This site is named after the drawing on the front cover of the Anthology of American Folk Music, depicting the hand of the Creator tuning the "celestial monochord." Reading up on the origins of the idea of the celestial monochord, I once ran across this passage:
Pythagoras is said to have taught that the universe is put together by means of harmonic laws and so produces, through the motion of the seven planets, rhythm and melody. The very enthusiastic Neo-Pythagorean Iamblichus went so far as to claim that Pythagoras could actually hear the cosmic music inaudible to other mortals. And since all discoveries about the Pythagorean cosmos were dependent on the numerical ratios sounded by a stretched string, or monochord, it was reported by the Neo-Platonic musical theorist Aristides Quintilianus that Pythagoras' dying injunction to his students was “work the monochord.”Work the monochord. I think of this often when this blog feels like way too much work, and I want to quit.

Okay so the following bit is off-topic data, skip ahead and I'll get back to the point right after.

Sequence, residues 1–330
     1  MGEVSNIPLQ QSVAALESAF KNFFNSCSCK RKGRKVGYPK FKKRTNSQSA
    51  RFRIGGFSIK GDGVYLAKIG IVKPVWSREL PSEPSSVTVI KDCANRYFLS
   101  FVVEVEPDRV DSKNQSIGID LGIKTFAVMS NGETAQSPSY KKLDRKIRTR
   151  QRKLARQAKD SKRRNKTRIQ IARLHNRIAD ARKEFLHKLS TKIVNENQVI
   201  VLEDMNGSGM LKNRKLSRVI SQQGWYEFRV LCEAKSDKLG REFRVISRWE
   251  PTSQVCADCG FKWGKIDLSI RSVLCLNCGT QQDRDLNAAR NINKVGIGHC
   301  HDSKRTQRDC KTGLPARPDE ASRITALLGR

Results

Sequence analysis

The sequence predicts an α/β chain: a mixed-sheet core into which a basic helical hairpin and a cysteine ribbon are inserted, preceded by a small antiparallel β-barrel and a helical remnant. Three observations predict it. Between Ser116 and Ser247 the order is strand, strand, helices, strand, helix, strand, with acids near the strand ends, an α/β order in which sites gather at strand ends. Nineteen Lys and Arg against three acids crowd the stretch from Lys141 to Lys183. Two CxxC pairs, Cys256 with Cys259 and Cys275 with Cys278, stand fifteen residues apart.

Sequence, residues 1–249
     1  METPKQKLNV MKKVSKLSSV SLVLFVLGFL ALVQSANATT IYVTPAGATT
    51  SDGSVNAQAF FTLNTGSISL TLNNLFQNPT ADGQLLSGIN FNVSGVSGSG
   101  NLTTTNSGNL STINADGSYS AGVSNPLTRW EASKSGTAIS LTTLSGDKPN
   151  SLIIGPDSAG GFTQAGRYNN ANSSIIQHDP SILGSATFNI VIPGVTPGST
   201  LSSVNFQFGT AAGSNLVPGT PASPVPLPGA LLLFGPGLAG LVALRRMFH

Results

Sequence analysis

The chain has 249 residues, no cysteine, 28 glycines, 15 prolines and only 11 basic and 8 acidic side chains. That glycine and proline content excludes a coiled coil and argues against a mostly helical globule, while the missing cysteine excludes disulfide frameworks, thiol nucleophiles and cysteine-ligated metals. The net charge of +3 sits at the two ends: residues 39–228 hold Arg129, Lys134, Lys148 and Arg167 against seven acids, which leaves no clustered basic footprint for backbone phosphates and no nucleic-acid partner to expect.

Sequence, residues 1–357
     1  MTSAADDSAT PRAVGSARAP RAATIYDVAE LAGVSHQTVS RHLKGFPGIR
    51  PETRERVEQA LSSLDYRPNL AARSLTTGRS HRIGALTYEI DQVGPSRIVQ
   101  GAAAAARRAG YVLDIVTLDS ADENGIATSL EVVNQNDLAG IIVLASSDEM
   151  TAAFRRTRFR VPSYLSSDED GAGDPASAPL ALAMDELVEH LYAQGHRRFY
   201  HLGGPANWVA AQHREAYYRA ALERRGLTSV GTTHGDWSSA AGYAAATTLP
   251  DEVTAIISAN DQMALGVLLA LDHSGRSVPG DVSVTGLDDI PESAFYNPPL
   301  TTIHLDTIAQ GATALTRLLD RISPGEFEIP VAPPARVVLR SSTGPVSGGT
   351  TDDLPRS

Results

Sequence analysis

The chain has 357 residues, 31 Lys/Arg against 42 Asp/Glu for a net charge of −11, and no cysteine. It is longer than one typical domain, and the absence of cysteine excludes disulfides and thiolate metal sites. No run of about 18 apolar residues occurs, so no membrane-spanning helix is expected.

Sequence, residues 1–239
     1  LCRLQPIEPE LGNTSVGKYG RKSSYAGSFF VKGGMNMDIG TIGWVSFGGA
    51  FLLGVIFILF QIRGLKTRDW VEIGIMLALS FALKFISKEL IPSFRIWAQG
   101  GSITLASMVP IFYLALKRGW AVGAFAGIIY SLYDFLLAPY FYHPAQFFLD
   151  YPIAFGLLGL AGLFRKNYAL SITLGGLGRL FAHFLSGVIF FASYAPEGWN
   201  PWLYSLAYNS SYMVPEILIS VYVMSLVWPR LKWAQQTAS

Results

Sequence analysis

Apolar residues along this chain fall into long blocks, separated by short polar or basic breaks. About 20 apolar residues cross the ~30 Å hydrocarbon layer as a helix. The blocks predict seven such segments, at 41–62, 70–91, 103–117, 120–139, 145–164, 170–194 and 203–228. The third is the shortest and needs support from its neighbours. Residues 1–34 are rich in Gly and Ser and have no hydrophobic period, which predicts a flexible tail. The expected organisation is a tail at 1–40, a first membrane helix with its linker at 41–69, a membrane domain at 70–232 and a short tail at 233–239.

Today, Expecting Rain featured my long posts about the New Lost City Ramblers and Bob Dylan, and it has really done wonders for my site statistics, to say nothing of my resolve to forge ahead! I thank them. Surely, they must be very familiar with the thankless, relentless job of blogging, and I suspect that the long hours of lonesome computer work must be why they chose their name, based on this Dylan lyric:
Now the moon is almost hidden
The stars are beginning to hide
The fortunetelling lady
Has even taken all her things inside
All except for Cain and Abel
And the hunchback of Notre Dame
Everybody is making love
Or else expecting rain
Editor's Note: The quote about Pythagoras has been very slightly edited for pithiness. You can find the whole thing at the Dictionary of the History of Ideas. "Work the monochord" ... well, you know those ancient Greeks ...